Last week I told you about a new task force of 20 diverse groups and individuals working on a new conservation plan. And I encouraged you to let them know your thoughts about this. Today I’m going to share my responses to their six questions. Here they are.

Question: Maine, through a strong combination of public and private initiatives, has achieved great success in conserving lands across the state over the past generation. Would you like to see these efforts continue? Or have we already conserved enough land?

These efforts must continue, focused on our most important lands. I would like to see even more cooperation between the state and regional and local land trusts. As you know, a lot more public land is provided by land trusts than by the state. It would be good to be more proactive, rather than reactive, in identifying our best lands for public purchase and protection.

Question: What are your priorities and vision for future land conservation efforts? Consider: particular geographies or regions, lands that meet certain needs (e.g., recreation, agriculture, wildlife habitat, etc.); lands that can be more inclusive and accessible, particularly to youth, the disabled, new Mainers, people of color, seniors, and others; lands that address local community needs; lands close to where you live and work in the more remote reaches of Maine.

I feel that the changing climate is going to demand some focus on retaining and enhancing habitat for some of our more important and popular critters, including moose and deer. We have no legal access to moving water, and I think that needs to be a higher priority for purchases and easements. We also lack legal access sites to a lot of lakes and ponds, especially for watercraft.

Because of my illness, ALS, I have been researching accessible trails and public lands, and have been surprised that so many offer no access to disabled folks and others who are feeble of foot. In a state with so many elderly residents, it seems like this should be a high priority. We could also use a central place for information on accessible places.

Question: What are your experiences utilizing public and private conservation lands? Do they meet your needs? Are they being well-managed? What barriers are preventing you or others in your community from accessing them?

I think all of us who hunt and fish spend more time on public and private conservation lands than we did in the past. Especially in the north woods, I find signage to be very poor. I don’t think we provide very good directions to our public lands. I know I have driven by some and been astonished that there were no signs at all. I also think we could do a much better job of managing our public lands (and making them more accessible), but lack of staff and funding has hindered that.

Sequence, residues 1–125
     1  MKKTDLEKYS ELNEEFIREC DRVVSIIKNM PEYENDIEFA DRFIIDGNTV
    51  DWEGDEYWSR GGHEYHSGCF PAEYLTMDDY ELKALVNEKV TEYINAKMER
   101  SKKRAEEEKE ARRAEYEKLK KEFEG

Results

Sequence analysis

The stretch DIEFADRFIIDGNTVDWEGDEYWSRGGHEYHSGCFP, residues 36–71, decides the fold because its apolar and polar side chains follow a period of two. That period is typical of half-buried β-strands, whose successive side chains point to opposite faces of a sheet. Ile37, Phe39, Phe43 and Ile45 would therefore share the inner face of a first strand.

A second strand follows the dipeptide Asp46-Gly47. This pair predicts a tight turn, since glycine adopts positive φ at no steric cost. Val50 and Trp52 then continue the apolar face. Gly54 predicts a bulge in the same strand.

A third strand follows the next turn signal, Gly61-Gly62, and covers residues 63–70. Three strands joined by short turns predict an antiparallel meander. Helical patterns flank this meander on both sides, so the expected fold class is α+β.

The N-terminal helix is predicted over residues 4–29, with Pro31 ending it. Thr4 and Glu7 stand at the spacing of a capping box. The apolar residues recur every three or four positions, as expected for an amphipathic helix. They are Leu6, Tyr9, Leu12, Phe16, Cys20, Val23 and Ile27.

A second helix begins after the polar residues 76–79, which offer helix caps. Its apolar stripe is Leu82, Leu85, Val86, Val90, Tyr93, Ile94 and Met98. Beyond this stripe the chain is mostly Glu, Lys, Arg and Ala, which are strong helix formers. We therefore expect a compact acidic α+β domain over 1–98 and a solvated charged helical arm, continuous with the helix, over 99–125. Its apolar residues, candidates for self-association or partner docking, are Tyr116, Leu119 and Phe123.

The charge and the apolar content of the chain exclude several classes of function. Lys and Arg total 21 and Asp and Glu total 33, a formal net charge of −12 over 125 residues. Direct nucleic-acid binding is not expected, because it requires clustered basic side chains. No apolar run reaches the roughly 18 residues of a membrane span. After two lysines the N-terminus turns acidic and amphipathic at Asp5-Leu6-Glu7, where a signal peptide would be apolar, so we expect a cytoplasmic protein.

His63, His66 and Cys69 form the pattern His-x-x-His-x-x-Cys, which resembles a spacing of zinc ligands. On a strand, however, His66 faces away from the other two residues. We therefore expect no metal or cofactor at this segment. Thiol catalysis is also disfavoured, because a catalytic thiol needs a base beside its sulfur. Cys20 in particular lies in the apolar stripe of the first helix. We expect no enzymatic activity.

Question: Few other states demonstrate the breadth of private land stewardship that is found in Maine, including free public recreational access. Should incentives be considered to encourage and reward landowners for engaging in sustainable land management and providing public access?

I would be cautious about offering financial incentives to private landowners who allow the public to enjoy their property. This could turn out to be a financial disaster, with many more private landowners demanding that kind of support from the state. I believe it’s up to each and every one of us to work with those who own the private lands we enjoy. I don’t hunt anymore on any land without permission, even if that land is not posted.

Question: Is land conservation creating any challenges (e.g., lost property tax revenue) that need to be addressed either at the state or local level?

If the governor and Legislature would provide state funding for municipalities that was promised, including state revenue sharing and school funding, there would be no issue over lost property taxes on public lands. Public lands provide many benefits for both Mainers and tourists, so we should not expect them to contribute more than they already are in property taxes.

Question: Are you supportive of providing additional public funding for land conservation in the future? If so, should it be in the form of a new Land for Maine’s Future bond issue or do you have other ideas (other states use a variety of taxes and fees)?

Response: The Land for Maine’s Future program should always be well-funded — bonds are the best way to do that — and the place where we focus our effort at the state level on obtaining new property. I’ve been impressed with the funding available to land trusts for their purchases, including private contributors and foundations and nonprofits.

If you have not sent in your own answers to these questions, you can still do that at

George Smith can be reached at 34 Blake Hill Road, Mount Vernon, ME 04352, or [email protected] com. Read more of Smith’s writings at www. georgesmithmaine. com.

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